Happy New Year!
Today started with a good idea of where I wanted to go next and what I needed to do to move forward.
The clay I had prepared before the Christmas break had hardened but was still a little too soft to gouge - I therefore left it in the open to 'mature'.
Meanwhile, I procrastinated. I knew what I wanted to do but was unsure of the best way to go about it...think, logically.
I decided that whilst I was thinking I would practice my throwing skills. 9 wedged balls of clay later, I was ready. Then...
Matthew entered carrying with him a couple of books to lend to Kate S. One caught my eye and I asked if I could take a peek. Brilliant!
Additions to Clay Bodies by Kathleen Standen. What a serendipity!
The chapter on Colour was just where my indecisive brain was lingering.
What a very readable book.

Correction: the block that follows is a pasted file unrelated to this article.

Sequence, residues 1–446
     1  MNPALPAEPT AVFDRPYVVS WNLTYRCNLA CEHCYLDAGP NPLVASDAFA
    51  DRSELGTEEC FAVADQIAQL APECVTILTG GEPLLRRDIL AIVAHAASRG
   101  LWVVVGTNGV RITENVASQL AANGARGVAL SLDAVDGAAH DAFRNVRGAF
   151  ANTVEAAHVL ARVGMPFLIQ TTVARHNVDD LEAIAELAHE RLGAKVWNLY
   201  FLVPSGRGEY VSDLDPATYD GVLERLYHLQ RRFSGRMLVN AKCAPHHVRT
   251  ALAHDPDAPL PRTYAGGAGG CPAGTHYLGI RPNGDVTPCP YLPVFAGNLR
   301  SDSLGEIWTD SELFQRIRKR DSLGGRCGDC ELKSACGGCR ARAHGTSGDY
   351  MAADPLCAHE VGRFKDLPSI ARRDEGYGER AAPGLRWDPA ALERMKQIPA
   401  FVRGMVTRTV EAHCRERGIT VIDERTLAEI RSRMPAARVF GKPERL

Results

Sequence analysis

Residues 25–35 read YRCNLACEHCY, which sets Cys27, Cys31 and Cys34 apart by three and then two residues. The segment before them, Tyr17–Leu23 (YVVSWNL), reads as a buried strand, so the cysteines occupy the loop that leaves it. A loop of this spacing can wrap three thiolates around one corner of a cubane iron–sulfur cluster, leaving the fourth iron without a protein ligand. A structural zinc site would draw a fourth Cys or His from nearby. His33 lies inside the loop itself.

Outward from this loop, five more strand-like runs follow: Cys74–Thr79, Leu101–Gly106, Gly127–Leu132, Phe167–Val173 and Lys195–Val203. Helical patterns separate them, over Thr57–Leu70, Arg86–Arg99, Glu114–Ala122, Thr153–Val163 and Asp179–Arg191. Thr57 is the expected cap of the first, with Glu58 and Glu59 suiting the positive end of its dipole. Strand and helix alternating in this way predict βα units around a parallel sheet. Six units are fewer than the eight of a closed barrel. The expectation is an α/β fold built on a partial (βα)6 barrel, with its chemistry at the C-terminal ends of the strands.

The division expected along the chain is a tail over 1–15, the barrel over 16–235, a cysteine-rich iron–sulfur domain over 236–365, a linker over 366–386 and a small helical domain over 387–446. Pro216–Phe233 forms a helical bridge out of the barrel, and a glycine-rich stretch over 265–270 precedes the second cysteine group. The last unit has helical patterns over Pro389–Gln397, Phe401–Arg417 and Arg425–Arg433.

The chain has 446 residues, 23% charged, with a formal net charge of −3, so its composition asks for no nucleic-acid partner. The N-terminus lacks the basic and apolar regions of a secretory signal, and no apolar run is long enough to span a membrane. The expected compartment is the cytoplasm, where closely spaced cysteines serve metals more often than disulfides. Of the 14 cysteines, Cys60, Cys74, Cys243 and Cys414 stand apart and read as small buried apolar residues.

In the book, Standen describes how she goes about adding colour to clay. She tests various percentages of body stains and oxides added as a powder to the base clay mixture. She uses mixtures of colours, a bit like mixing paint to achieve shades and tones.
Some artists add the colour as a dry weight to dry clay powder. I tested this method and found it very time consuming for the quantity of clay produced. Therefore I took the option of testing the colours mixed into plastic clay - in this case porcelain as it is a good white base.
Each ball of porcelain weighed 50g and I planned on adding a % of each colour to 4 different balls so getting a gradient in shade of each chosen colour.
I tried dry powder colour to the plastic clay but when I began to blend it, the clay became dry and cracked. I then chose to add water to the colour, this resulted in it being squirted across the room as I squidged the clay together :(.
Eventually, and much more successfully, I found that to make a paste from the coloured powder and then to fold it into the porcelain, a little like a cornish pastie, was the best way forward.
Trial and error!
From the top, the test pieces have 20%, 10% 5% and then 1% added. The yellow tiles need 1% testing again as it was my first attempt!
I intend to continue with blending colours until I have a palate from which I can choose the appropriate shade for my work.
Influenced by Kathleen Standen